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EFFECTIVENESS OF EXTRACORPOREAL SHOCK WAVE THERAPY IN THE TREATMENT OF PREVIOUSLY UNTREATED LATERAL EPICONDYLITIS

Background: Extracorporeal shock wave therapy (ECSWT) has been proposed as a treatment modality for chronic tendon-related pain, but few randomised controlled trials have been performed to evaluate its efficacy.

Research question/s: Does ECSWT result in a higher rate of treatment success than placebo in patients suffering from lateral epicondylitis?

Methodology:Subjects: 60 subjects (23 female, 37 male) with untreated lateral epicondylitis (<1 year, >3 weeks).

Experimental procedure: Subjects were randomly allocated to receive one session per week for 3 weeks of either sham (CON = 29) or active treatment (ECSWT = 31). Subjects in the ECSWT group received 2000 pulses (energy flux density, 0.03 to 0.17 mJ/mm2) once per week for 3 weeks, while all subjects performed regular forearm stretching. Follow up was conducted after 8 weeks of therapy. Visual analogue scale scores (0–10) for pain at rest, during sleep, during activity, at its worst, and at its least, as well as for quality of life (using the EuroQoL questionnaire) and grip strength were collected.

Measures of outcome: Treatment successes (%) according to fulfilment of three criteria: (1) ⩾50% reduction in the overall pain (VAS score); (2) a maximum overall pain score of 4.0 cm (VAS); and (3) no use of pain medication for elbow pain for 2 weeks before the 8 week assessment.

Results:

  • There was a mean increase in quality of life of 1.3 and 3.3 for the CON and the ECSWT groups, respectively

  • There was a mean increase in grip strength of 7.4 kg and 6.8 kg for the CON and the ECSWT group, respectively


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Conclusion/s: Extracorporeal shock wave therapy combined with forearm stretching programme does not increase treatment success over 8 weeks in patients suffering from lateral epicondylitis, despite some improvement in pain scores and pain-free maximum grip strength.

Evidence based rating: 8/10

Clinical interest rating: 8/10

Type of study: Randomised, double blind, placebo controlled clinical trial

Methodological considerations: Long term outcome measures not included, sample size possibly too small to detect differences

Keywords: tennis elbow, lateral epicondylitis, treatment, extracorporeal shock wave therapy (ESWT)

EFFECTIVENESS OF GLUCOSAMINE FOR SYMPTOMS OF KNEE OSTEOARTHRITIS: RESULTS FROM AN INTERNET-BASED RANDOMISED DOUBLE BLIND CONTROLLED TRIAL

Background: The possible beneficial effects of oral glucosamine in reducing the symptoms of osteoarthritis of the knee are still controversial.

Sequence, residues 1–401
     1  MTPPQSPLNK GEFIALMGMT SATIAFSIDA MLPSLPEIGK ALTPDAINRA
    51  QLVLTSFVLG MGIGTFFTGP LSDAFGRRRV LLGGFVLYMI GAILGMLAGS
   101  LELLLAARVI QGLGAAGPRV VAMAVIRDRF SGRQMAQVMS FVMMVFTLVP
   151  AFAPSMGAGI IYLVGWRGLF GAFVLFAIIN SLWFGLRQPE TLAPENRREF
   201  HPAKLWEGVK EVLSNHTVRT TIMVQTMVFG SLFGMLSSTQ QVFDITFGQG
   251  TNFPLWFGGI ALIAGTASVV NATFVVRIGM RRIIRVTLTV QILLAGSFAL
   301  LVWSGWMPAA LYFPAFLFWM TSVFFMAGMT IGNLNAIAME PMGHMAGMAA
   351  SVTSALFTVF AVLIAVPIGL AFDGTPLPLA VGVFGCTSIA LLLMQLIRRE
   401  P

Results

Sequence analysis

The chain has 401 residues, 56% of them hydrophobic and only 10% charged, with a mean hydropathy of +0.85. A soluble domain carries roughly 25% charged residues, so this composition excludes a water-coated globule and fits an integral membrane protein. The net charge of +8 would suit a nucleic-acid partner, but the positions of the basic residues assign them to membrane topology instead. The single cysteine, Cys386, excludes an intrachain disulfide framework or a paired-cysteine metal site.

Research question/s: What is the safety and effectiveness of 12 weeks oral glucosamine among subjects with knee osteoarthritis who were recruited and followed entirely over the Internet?

Methodology:Subjects: 205 subjects (⩾45 years) with symptomatic knee osteoarthritis.

Experimental procedure: Subjects were recruited over the Internet and authenticated through review of their medical records. All subjects were randomly assigned to 1.5 g/d of glucosamine (GLUC = 101) or placebo (CON = 104), of whom 108 completed the intervention (93 in each arm).

Measures of outcome: Pain, physical function, and stiffness subscales of the Western Ontario and McMaster Universities Osteoarthritis Index (Likert version), overall score of the questionnaire, and analgesic use.

Results:

  • The change in analgesic use between the two groups was similar, and the number and type of adverse events reported was similar between the groups

  • Stratification by osteoarthritis severity, glucosamine product, and use of a non-steroidal anti-inflammatory drug, as well as exclusion of opiate users, did not alter the results


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Conclusion/s: 12 week oral glucosamine appears to be safe, but is not more effective than placebo in treating the symptoms (pain, stiffness, physical function, analgesic use) of knee osteoarthritis.

Evidence based rating: 8/10

Clinical interest rating: 8/10

Type of study: Internet-based, randomised, double blind, placebo controlled clinical trial

Methodological considerations: Internet based study, short term follow up